Illustration shows Euro banknotes
Euro banknotes are seen in this illustration taken July 17, 2022.

The European Central Bank will raise interest rates again on Thursday to fight runaway inflation and, with a big move and a record one under consideration, the only question is by how much.

Concerned that sky-high inflation is getting increasingly entrenched, policymakers are scrambling to keep a lid on the bloc's most damaging bout of price growth in nearly half a century as it eats up household savings and weighs on business output.

Ultimately, the choice will be between a 50 and a 75 basis point increase in the zero percent deposit rate.

The latter would be the biggest ever hike of the ECB's benchmark rate, but regardless of the outcome the bank's direction of travel will be clear.

More hikes are factored in for coming months as price pressures already expected to usher in a winter recession consistently exceed even the most pessimistic forecasts.

Buoyed by hawkish comments from conservative policymakers, markets have now nearly priced in a 75 basis point hike. A slim majority of economists polled by Reuters are also predicting the larger increase.

"We think it is a very close call, with good arguments on each side, but ultimately think those advocating for a larger hike will prevail as September offers the best opportunity to send a clear signal of determination," Morgan Stanley economist Jens Eisenschmidt said.

"Be it 50 or 75 basis points, ... we see the ECB hiking cycle ending at 2% in March."

The decision also encapsulates a policy dilemma.

Updates to ECB forecasts are certain to show sharply higher inflation and significantly weaker economic growth.

Sky-high energy prices will sap purchasing power and almost certainly plunge the bloc into a recession that could be exacerbated by an aggressive ECB, especially with borrowing costs rising for governments as they try to help those most affected.

A big hike after a decade of ultra-low rates also goes against the ECB's guidance for gradualism and several policymakers, including board member Fabio Panetta and Greek central bank chief Yannis Stournaras, have made the case for a smaller move.

Central banks are also powerless against inflation driven by supply-side disruptions, and rate hikes now will affect the economy years down the road, when inflation is abating on its own.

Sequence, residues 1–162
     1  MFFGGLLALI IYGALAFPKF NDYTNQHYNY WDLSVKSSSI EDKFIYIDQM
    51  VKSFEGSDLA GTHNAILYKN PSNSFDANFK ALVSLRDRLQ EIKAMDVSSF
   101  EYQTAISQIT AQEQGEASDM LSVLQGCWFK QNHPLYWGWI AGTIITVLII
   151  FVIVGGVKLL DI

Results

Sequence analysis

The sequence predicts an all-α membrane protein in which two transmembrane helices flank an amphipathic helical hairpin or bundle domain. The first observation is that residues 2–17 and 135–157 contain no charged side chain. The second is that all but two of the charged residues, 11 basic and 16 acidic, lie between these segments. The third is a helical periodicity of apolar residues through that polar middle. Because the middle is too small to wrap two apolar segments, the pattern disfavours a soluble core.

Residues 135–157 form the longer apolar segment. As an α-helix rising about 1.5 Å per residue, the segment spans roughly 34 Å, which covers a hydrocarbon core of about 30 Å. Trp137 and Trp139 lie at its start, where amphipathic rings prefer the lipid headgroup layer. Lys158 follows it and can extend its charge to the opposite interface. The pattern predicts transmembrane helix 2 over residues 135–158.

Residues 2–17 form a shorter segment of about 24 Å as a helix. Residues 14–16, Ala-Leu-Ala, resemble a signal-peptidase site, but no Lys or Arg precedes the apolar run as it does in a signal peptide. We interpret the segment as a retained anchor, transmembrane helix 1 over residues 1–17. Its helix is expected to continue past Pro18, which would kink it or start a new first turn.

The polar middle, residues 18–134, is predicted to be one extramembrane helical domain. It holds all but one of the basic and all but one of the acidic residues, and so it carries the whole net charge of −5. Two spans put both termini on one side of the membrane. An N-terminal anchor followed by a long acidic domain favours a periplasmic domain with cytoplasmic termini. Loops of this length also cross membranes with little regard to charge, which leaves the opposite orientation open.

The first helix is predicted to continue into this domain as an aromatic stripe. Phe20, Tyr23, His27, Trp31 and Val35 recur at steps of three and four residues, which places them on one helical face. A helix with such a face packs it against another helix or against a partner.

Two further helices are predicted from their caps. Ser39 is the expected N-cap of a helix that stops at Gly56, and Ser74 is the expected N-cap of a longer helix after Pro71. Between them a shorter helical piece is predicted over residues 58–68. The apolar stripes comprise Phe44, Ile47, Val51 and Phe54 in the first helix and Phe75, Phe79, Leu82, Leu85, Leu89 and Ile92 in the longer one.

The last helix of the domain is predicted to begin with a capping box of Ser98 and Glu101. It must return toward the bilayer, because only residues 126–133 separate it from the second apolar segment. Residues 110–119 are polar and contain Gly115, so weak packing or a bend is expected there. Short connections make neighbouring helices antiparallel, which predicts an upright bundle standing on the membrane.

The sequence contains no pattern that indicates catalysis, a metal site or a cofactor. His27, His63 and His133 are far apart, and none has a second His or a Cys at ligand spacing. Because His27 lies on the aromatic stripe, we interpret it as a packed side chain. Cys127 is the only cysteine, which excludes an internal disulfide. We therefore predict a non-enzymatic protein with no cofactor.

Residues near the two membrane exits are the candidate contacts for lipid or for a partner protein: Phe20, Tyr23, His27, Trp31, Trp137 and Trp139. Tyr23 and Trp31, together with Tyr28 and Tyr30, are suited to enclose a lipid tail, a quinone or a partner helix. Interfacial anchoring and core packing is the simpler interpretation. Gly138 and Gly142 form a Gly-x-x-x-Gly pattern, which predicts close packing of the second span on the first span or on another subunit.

However, timid action now could push up long-term inflation expectations from already high levels, weakening the ECB's inflation-fighting credibility and challenging the very framework of its mandate.

Headline euro zone inflation is over 9% while its underlying rate is 4.3%, more than twice the ECB's target, indicating that more and more of the energy-driven price pressures are seeping into the broader economy.

A smaller move would also weaken the euro as the U.S. Federal Reserve is clearly raising rates faster, which would in turn further fuel inflation as energy is denominated in dollars.

That is why nearly a half dozen policymakers have publicly backed putting a 75 basis point option on the table, giving the debate a hawkish momentum.

The coming recession also makes the case for frontloading rate hikes as moving aggressively once the downturn takes hold will be difficult to communicate.

Some policymakers may even welcome a shallow recession that, with the bloc's labour market is increasingly tight, could provide relief to firms now struggling to find workers.

"We expect rate hikes of 75, 50 and 25 basis points in the forthcoming meetings this year, taking the deposit rate into neutral territory as the economy slows, and another three 25 basis point hikes next year," Societe Generale economist Anatoli Annenkov said.

On top of the rate announcement, the ECB will likely debate changing how it pays interest on excess reserves parked by commercial banks, which are now set to enjoy a risk-free windfall on trillions of euros worth of cash circulating in the financial system.

The ECB may also discuss whether to start reducing its balance sheet as part of its policy normalisation process.

However, no decision is expected in either of these areas.

The ECB announces its policy decision and presents the new economic projections at 1215 GMT, followed by President Christine Lagarde's news conference at 1245 GMT.

Illustration shows small figurines, displayed word "Inflation", EU flag and rising stock graph
Small figurines are seen in front of displayed word "Inflation", EU flag and rising stock graph in this illustration taken February 11, 2022.
President of ECB Christine Lagarde addresses a news conference in Frankfurt
President of European Central Bank (ECB) Christine Lagarde speaks during a news conference following the ECB's monetary policy meeting, in Frankfurt, Germany, July 21, 2022.